Civil War Reconstruction Essay

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The Union victory in the Civil War in 1865 may have given some 4 million slaves their freedom, but the process of rebuilding the South during the Reconstruction period (1865-1877) introduced a new set of significant challenges. Northerners assumed that martial law and the military’s role in the south would end in 1865. They expected the southerners to acknowledge defeat by treating blacks justly, rejecting Confederate leaders, and embraced southern Unionists. None of these things happened. Encouraged by President Andrew Jackson’s Reconstruction policy, which imposed no server penalties on the south, unashamed southerners elected former Confederates to state, local, and national offices, formed militia units composed of ex-soldiers, passed …show more content…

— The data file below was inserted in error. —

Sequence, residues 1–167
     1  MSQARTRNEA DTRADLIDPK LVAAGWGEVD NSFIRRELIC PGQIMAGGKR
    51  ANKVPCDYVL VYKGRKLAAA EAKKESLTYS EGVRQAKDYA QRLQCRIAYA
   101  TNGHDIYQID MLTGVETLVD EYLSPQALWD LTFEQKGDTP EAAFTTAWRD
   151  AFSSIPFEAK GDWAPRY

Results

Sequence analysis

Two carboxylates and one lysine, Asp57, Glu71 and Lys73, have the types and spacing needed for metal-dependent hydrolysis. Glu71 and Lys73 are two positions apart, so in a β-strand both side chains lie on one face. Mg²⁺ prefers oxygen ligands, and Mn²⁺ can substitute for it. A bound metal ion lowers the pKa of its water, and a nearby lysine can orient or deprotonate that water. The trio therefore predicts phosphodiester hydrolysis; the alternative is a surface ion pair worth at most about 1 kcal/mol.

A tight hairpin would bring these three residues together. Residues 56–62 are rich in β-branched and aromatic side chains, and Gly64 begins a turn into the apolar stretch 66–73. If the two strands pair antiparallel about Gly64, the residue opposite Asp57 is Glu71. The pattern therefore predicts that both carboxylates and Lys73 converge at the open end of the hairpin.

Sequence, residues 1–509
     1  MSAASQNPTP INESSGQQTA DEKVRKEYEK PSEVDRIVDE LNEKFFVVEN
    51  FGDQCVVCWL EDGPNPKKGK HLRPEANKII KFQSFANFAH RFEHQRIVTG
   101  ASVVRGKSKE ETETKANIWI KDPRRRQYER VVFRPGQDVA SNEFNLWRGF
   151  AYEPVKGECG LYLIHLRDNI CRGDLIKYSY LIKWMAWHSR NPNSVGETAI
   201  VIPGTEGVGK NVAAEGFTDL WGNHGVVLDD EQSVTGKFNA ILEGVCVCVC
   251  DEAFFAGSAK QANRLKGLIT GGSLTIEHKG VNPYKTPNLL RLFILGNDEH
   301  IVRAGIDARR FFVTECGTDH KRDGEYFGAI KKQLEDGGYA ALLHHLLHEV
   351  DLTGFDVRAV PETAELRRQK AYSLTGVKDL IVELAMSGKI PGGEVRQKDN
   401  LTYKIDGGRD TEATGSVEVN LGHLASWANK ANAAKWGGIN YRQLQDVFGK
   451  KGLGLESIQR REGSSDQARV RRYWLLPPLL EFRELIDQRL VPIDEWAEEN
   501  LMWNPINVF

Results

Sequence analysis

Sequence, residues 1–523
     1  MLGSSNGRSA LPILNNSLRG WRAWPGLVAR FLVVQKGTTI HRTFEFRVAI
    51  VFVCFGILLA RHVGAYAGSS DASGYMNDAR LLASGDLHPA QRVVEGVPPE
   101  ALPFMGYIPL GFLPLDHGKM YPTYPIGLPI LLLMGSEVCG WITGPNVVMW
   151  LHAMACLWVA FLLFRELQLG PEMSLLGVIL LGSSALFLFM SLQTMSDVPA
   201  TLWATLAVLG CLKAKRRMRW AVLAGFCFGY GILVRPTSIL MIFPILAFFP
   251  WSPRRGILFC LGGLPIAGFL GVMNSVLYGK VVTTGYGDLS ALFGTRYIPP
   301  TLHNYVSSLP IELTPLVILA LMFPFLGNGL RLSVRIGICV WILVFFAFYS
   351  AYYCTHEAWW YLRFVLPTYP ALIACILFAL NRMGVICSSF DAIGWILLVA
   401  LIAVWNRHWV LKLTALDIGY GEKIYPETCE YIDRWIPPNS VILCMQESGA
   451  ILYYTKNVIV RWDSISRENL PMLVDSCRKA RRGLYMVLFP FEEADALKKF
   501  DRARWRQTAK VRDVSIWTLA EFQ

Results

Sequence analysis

Grant and Stanton’s agreement, issued orders permitting military personnel who believed the South's civil courts denied them justice to have suits transferred to federal courts. Law passed the Congress-Army alliance established a separate army for Reconstruction duty. The Command of the Army Act and the Tenure of Office Act kept Grant and Stanton in their positions. Grant and Stanton, acting in concert with Congress, were the dominant voice affecting the Army in the south. To prevent organized resistance, Congress disbanded southern militia units and prohibited new ones from being raised without its approval. Southerners did not give up their war for white supremacy and home rule. The north’s obvious desires for peace and its growing indifference to the fate of southern Republicans encouraged Democrats to act boldly. Democrats planned race riots and battled Republican militia prior to elections, in time to keep Republicans from the polls but too late for Washington to send regulars to police the voting. What occurred was not indiscriminate Klan-style violence, but a calculated insurgence as the last unredeemed states fell to

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